Cooking for A Crowd: Zucchini and Olive Enchiladas

Sunday June 30, 2013

Cooking for a crowd at a party or potluck requires the cook to not only make larger amounts than a regular weeknight dinner, but decide how to serve, store, transport, and display as well. There are certain dishes that are better to make than others when considering portable food/food that can stand for a time without extra heating. Being able to make a portion of the dish the day before is a boom. As a caterer for almost 20 years, portable food for a crowd is one of my specialties. I share some of my best recipes here. Taking advantage of seasonal produce, store bought or homegrown, is essential for economical cooking and always appreciated by your diners. Adapted from my book The Gourmet Potluck (Ten Speed Press).


People adore enchiladas on the buffet. There are many variations, maybe one for every cook who makes them, but here is one of the most delightfully unique–the filling is shredded zucchini and mellow California olives. My mother has been making this to satisfying vegetarians as long as I can remember and it is an often requested dish. I think it might have come from Sunset two to three decades ago. The savory tomato sauce with lots of sweet bell peppers is a snap to make and a special taste treat; it can be made 1 to 2 days ahead of assembly. You can make this in one very large casserole dish, or two smaller 9-by-13-inch (3-quart) ones. This casserole cannot be frozen before cooking; fresh zucchini will become too watery and the tortillas disintegrate, so make it the day you are going to eat it.

Overview

Serves 12

Preparation Timeline: Assembled the same day it is to be eaten, 8 to 12 hours ahead; Sauce 2 days ahead

Serving Equipment: Two 3-quart oval or 9-by-13-inch casserole dishes, serving     spatula

Onsite/Reheat: Yes, but optional

Onsite/Refrigerator: No

Temperature at Serving: Hot or warm

Ingredients

Chunky Tomato and Bell Pepper Sauce

  • 4 tablespoons olive oil
  • 1 large onion, chopped
  • 2 medium green, yellow, or red bell peppers (or combination), cored, seeded, and coarsely chopped
  • 2 cloves garlic, minced or pressed
  • 2 15-ounce cans tomato sauce
  • 2 16-ounce cans whole tomatoes in their own juice, broken up with an immersion blender or your hands
  • 1 bay leaf
  • 2 scant tablespoons chili powder
  • 2 teaspoons dried marjoram
  • 2 teaspoons sugar
  • 1 teaspoon dried basil
  • 1 teaspoon ground cumin
  • 1/3 teaspoon ground cayenne
  • Pinch of salt

Filling

  • 3 pounds zucchini, coarsely shredded
  • Two 2 1/2-ounce cans sliced black olives
  • 8 cups (about 2 pounds) shredded Cheddar cheese, or mixture Cheddar and  Monterey jack
  • 2 dozen fresh yellow or white (blancos) corn tortillas
  • 1 pint sour cream, regular or fat-free, optional, for serving
  • 1/2 cup minced cilantro, for serving

Instructions

To make the sauce, heat the olive oil in a 3-quart pan and saute the onion and peppers until soft over medium heat, about 10 minutes. Add the remaining ingredients and stir to combine.  Simmer, uncovered, for 30 minutes, stirring twice.  Remove bay leaf.  If made ahead, cool and refrigerate. Then just before assembling enchiladas, warm over medium heat until hot.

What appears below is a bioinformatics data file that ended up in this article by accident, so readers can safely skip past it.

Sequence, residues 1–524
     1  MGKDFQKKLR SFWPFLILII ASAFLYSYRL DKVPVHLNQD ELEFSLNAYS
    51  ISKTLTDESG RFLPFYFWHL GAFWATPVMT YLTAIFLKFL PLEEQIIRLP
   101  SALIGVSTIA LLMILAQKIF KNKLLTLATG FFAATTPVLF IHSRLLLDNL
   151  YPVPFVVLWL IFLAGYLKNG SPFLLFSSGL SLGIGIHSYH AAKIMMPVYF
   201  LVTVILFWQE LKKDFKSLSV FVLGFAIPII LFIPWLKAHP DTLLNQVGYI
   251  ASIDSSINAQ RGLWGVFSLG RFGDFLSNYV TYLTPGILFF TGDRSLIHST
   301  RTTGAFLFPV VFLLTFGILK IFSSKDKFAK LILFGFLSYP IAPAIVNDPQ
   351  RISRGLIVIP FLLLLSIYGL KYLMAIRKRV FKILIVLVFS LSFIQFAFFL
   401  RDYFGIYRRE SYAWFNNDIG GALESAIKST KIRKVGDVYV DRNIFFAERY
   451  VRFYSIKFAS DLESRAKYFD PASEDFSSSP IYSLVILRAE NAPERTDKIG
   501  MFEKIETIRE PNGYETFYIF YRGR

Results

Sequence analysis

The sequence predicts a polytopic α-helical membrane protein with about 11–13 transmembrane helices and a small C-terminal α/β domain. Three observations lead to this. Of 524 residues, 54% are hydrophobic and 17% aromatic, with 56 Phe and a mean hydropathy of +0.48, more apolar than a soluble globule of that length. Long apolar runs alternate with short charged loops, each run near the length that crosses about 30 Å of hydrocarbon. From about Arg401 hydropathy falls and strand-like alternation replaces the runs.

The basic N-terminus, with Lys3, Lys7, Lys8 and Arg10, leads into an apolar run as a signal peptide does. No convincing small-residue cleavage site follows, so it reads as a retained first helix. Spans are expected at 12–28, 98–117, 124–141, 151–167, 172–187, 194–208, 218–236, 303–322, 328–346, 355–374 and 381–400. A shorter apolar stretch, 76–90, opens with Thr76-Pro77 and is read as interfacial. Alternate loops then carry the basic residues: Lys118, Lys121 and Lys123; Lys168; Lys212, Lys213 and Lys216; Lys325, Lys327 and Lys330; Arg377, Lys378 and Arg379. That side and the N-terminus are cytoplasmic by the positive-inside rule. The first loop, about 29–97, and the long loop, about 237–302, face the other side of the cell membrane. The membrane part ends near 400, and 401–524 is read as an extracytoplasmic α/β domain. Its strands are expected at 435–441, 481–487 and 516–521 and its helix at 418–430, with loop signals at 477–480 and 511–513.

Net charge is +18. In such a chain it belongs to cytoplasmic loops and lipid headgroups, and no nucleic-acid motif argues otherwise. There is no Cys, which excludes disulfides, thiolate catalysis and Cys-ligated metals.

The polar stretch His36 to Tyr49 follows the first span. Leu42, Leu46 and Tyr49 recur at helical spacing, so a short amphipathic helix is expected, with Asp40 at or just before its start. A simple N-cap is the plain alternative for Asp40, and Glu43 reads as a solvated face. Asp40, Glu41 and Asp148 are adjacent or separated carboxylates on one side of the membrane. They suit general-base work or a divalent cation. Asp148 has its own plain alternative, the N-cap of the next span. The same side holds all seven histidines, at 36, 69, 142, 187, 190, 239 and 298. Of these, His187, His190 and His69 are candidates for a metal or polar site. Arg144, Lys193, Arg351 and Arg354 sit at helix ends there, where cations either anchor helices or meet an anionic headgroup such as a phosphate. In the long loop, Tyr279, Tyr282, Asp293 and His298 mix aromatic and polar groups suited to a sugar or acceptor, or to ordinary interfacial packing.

Assemble the two 3-quart oval or 9-by-13-inch casserole dishes, the zucchini, olives, and cheese on your work surface.

To assemble, dip each tortilla in the sauce for up to 1 minute to soften it (The term “enchilada” simply means “dipped in chili”).  Put the tortilla on a plate and fill with a heaping 1/2 cup of the grated raw zucchini, a few olive pieces, and 3 tablespoon cheese. Roll up and place seam-side down in the baking dish.  Repeat to fill all the tortillas and lay side by side in the baking dish (okay to be touching).  Pour the remaining sauce over the tortillas and sprinkle top with remaining cheese.  If made ahead, cover and refrigerate.

Preheat the oven to 350º.  Bake, uncovered, for 30 to 40 minutes, until bubbling hot.  Serve hot from the oven or warm. Or cool to room temperature, cover, and refrigerate. Have a bowl of sour cream and one of the cilantro to pass for topping.

Transportation Notes: Have the sour cream and cilantro in separate covered containers or wrapped small serving bowls. Place the casseroles on the floor of the car or in the trunk with a large thick towel wrapped around the base to prevent tipping over, or place in an insulated cooler for longer transport.

Onsite/Preparation:  To reheat, bring chilled uncooked casserole to room temperature an hour before baking.  Preheat the oven to 350º. Bake, uncovered, for about 50 minutes, until bubbling hot. If warming, set in oven for 10 minutes.  Prepare bowls of sour cream and chopped cilantro.

Seasonal Picks

Corn
Cucumbers
Eggplant
Green Beans
Mangoes
Okra
Vidalla Onions
Sweet Bell Peppers
Chile Peppers
New Potatoes
Summer Squashes: Zucchini and Yellow Squash
Stone Fruits, such as Plums and Nectarines
Tomatillos
Tomatoes
Summer Herbs, such as Dill, Chives, Cilantro, Marjoram, and Basil
Peaches, Nectarines, Plums
Berries

Recipe and text copyright Beth Hensperger 2013

Please enjoy the recipe and make it your own. If you copy the recipe and text for internet use, please include my byline and link to my site.


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